Cubit The Hardcore Platformer Robot is a game that definitely lives up to its name – even “hardcore” gamers better brace themselves if they plan on progressing very far through it.  I grew up playing tough platformers from the NES era, but you wouldn’t necessarily know it from watching me play this new eShop game.  Cubit has had me questioning my qualifications as a game journalist …

This game reminds me of Bit Trip Runner or 2 Fast 4 Gnomz.  They are difficult games in their own right, but Cubit is in a whole other league.  It throws its unforgiving running platforming at you very quickly, and you’ll be failing repeatedly before long – there is little time to ease into this heavily challenging game.Zjn_WZpI9kLKB31m631KQf0ZEnRlM9g9

There are two modes in Cubit.  Soft Mode is described as being for “all types of players”.  Quite how that typo made it through lot check I have no idea, as there’s no way all types of players can handle a difficulty level this high!  Should you find this too easy however (and I guarantee internet trolls will spew bunk about just that) Hardcore adds collectibles in spots that are nearly impossible to reach successfully, and limits your lives on top of it.  When I think of how many hundreds of lives I’ve burned to just make it through Soft Mode, the idea of beating a harder mode with single digit lives makes my head hurt!

Once I changed my mindset from beating the entire game to just getting as far as possible, I’ve been able to not only really enjoy the game, but advance far as well.  Typically after failing a few dozen times (yes you read right, dozens – the game puts your shame on full display) I try a different level.  Replaying is surprisingly addictive in spite of the colossal challenge, and patience and practice ultimately leads to a successful rhythm, and a great deal of satisfaction!

wnDgzklue8YFzJGeN9hmhhon2Hvht2sfThe visuals in this game are very simple, though in this case I’m grateful – anything more would probably distract and add another layer of challenge to a game that clearly doesn’t need it.  As it is some platforms blend in with the background.  I do think the game looks solid with the 3D active, and Cubit is a cute character.  Audio fares much better than the graphics, especially the music.  The manual says “music plays a very important role”, and while I think that’s overstating it a bit, I can’t deny that I enjoy the catchy techno tunes.  There is a certain rhythm, and it does fit the onscreen action pretty well.  Jukebox lets you listen to the various tracks, an inclusion that I like a lot!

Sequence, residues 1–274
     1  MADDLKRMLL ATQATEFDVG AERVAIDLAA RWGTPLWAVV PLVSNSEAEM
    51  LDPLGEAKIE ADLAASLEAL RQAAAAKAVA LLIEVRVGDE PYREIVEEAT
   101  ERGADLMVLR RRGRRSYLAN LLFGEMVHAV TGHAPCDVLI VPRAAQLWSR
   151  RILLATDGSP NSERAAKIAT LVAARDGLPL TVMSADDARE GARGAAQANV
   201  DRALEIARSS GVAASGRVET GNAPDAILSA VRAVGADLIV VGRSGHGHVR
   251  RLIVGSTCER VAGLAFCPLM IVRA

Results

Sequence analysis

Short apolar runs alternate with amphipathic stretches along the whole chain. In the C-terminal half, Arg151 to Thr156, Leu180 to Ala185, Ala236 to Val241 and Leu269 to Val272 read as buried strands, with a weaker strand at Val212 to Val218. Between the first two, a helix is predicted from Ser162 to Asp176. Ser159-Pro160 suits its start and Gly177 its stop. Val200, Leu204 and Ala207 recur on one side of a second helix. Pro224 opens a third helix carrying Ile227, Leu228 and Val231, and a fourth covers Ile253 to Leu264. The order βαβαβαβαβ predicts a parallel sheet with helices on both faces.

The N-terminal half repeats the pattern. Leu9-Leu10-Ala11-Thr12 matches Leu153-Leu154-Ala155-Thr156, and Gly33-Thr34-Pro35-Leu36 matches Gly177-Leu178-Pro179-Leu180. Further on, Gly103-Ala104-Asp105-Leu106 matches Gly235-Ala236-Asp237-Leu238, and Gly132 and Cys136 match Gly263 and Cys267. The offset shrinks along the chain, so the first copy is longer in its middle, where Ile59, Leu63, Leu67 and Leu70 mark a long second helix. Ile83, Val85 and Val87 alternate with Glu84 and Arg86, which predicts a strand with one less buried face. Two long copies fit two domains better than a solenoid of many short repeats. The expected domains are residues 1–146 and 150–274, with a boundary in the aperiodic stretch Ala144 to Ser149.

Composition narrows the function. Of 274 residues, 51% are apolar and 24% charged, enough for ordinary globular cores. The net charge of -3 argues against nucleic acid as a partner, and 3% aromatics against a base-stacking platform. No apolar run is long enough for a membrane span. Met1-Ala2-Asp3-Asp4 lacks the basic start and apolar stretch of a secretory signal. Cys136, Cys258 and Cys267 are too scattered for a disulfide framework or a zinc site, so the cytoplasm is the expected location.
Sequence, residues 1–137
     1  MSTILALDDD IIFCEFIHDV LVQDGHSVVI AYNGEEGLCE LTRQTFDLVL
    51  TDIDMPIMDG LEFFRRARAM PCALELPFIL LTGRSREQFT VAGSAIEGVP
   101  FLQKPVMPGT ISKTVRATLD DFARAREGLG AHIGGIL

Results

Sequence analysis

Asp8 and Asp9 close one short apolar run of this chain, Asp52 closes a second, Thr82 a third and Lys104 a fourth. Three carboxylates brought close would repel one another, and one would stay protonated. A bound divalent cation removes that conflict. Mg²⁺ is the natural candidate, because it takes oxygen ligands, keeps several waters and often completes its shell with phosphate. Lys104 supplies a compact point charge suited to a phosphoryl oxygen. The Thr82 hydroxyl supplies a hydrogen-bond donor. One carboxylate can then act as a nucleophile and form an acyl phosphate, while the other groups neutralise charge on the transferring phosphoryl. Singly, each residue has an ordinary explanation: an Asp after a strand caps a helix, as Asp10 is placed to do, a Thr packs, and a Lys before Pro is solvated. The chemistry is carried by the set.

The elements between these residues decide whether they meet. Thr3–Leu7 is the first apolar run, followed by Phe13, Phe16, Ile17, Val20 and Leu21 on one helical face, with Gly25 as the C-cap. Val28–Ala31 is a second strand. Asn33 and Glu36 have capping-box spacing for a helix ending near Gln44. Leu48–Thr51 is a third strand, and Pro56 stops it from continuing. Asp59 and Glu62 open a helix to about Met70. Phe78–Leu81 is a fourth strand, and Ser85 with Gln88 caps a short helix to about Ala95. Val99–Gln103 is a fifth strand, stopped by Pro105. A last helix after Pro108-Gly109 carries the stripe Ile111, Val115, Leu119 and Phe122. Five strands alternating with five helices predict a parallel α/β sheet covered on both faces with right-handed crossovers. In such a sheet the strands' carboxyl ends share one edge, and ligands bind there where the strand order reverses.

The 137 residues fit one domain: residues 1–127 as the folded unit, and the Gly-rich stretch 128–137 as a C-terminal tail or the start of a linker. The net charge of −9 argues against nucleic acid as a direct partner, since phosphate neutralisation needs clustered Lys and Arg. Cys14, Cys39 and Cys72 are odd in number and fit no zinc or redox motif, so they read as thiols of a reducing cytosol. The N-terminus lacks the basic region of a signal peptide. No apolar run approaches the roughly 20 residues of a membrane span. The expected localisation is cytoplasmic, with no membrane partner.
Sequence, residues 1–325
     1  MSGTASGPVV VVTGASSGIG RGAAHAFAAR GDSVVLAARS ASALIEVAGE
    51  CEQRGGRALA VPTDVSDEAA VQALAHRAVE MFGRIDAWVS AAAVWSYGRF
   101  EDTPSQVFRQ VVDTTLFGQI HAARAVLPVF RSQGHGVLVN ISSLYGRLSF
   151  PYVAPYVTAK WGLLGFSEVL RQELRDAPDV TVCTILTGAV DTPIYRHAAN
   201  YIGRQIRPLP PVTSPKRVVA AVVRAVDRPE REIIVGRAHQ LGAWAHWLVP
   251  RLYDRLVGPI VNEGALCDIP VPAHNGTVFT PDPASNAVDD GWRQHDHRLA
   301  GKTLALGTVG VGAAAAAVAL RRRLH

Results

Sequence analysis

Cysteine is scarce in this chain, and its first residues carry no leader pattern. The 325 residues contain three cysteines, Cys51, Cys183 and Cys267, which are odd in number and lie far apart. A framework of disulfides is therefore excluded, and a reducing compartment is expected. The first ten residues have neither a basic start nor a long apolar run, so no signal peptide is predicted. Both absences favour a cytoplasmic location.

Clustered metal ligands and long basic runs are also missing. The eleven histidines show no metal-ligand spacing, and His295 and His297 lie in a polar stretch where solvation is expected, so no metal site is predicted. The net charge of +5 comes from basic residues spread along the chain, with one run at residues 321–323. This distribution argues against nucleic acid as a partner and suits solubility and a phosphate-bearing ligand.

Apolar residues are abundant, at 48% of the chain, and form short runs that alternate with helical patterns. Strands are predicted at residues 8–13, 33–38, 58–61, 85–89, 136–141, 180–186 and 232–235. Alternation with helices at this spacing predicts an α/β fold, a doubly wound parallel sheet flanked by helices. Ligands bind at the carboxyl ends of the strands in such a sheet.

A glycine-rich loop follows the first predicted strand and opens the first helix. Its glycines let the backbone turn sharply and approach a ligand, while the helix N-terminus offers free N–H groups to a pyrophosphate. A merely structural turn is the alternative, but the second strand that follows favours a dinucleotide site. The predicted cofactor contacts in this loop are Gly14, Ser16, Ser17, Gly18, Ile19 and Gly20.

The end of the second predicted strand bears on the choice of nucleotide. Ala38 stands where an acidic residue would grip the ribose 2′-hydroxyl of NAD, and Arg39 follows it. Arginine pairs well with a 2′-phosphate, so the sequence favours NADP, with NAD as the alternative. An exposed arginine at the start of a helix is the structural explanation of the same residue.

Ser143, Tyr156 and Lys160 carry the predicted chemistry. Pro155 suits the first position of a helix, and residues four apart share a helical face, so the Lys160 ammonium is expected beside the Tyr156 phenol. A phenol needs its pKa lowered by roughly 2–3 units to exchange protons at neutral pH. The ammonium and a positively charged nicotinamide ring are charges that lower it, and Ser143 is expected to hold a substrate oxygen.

Control is where Cubit might cause concern.  There are plenty of reasons for the games difficulty, and the quirky control is among them.  Although it is a jumping only affair (Cubit runs forward automatically) the control just isn’t as responsive as I would have liked.   After playing for a while, it became quite evident when my double tap only recorded as one jump, or a tap at the end of a platform failed to record at all.  I snuck a peek at some other reviews (and comments on Miiverse) and sure enough this was pointed out by most.

cs3c2eXjILJiOe3kdhamz-NlXx-6BFkjIn fairness to Coder Child, they’re already addressing the jumping issue, and have acknowledged that though it was a design choice meant to help, many have found it otherwise.  I’m very glad that they’re engaging the game’s fans through social media and other means (indies are great for that!) and I’m confident they’ll take the constructive criticisms to heart for future releases.  In any event, with practice, the control becomes less bothersome.

The game is short (not unexpected for the $2.99 cost) but there is some solid content.  Each player can have their own profile should you want to bring your family and friends (or enemies) in on the difficult platforming.  The branching paths are welcome – not only are they good for replay value, but they grant a temporary reprieve from the heart racing challenge as they fill you with hope that the next sections might be easier (spoiler alert – they never are).  Extra challenges (acheivements), stats, and (should you have the skill to earn them) unlockable characters, along with multiple endings round out the package.  Not bad, especially factoring in that this game was created by just one person!

cubit-blink-lrCubit The Hardcore Platformer is immensely challenging on every level, and the final challenge it presents is how to score it.  Even though I’m giving it a solid recommendation, take it in context.  If you’re not an expert gamer, and would be frustrated playing the same level over and over, this is a game that’s best passed on, trust me.  It’ll spike your blood pressure, and put your 3DS in danger when you fling it across the room in rage.   Conversely, if you value challenge, and don’t mind being patient for a very satisfying payoff, download Cubit – you’ll get definitely your money’s worth.  For those who fall somewhere between, the low cost may push you to take the plunge – the game is a grower.  If so maybe I’ll see you on Miiverse … where my crying along with the other Cubit players is occasionally interrupted by moments of satisfying triumph.